The Life of Motifs: Mosaic Decoration in Late Antiquity
Speaker: Lucille A. Roussin, PhD, Attorney-At-Law
A mosaic pavement, discovered in 1996 in Lod, Israel, ancient Diospolis, is one of the best preserved and iconographically important mosaic pavements in Israel. Mosaic pavements are one of the most conspicuous elements of interior decoration preserved in late antique buildings, both public and domestic. The Lod mosaic provides us with an almost unprecedented wealth of images for a study of late Roman iconography. More significantly this mosaic provides us with abundant evidence that either the mosaic workshops traveled throughout the late Roman empire, or, more likely, that pattern books compiling imagery that can be dated all the way back to the first century of the Roman empire circulated among artists and artisans working in various mediums.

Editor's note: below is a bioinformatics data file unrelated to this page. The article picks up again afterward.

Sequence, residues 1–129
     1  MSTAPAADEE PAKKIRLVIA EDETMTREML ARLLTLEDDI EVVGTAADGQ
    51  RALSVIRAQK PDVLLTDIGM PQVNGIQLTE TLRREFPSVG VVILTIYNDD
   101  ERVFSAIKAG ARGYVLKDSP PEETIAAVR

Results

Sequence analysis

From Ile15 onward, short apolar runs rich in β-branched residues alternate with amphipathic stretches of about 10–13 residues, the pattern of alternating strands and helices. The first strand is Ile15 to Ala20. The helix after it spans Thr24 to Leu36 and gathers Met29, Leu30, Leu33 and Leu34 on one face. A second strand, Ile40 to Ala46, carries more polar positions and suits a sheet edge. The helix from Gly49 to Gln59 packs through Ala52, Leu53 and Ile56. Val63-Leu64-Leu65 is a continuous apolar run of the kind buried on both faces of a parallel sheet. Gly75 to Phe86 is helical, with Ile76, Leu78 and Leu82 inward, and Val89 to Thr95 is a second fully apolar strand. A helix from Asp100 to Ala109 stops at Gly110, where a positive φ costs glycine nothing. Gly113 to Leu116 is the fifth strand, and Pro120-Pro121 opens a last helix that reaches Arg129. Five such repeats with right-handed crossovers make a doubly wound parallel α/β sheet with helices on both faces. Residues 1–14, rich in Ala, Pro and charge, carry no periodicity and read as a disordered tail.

This lecture series has been made possible by the generosity of Isaac Gilinski.
Predators and Prey: A Roman Mosaic from Lod, Israel
In 1996, workmen widening the Jerusalem–Tel Aviv road in Lod (formerly Lydda), Israel, made a startling discovery: signs of a Roman mosaic pavement were found about three feet below the modern ground surface. A rescue excavation was conducted immediately by the Israel Antiquities Authority, revealing a mosaic floor that measures approximately 50 feet long by 27 feet wide. This large and extraordinarily detailed mosaic floor has only recently been carefully removed from its site and conserved. Found in a large villa believed to belong to a wealthy Roman, the excellently preserved mosaic floor dates to about AD 300.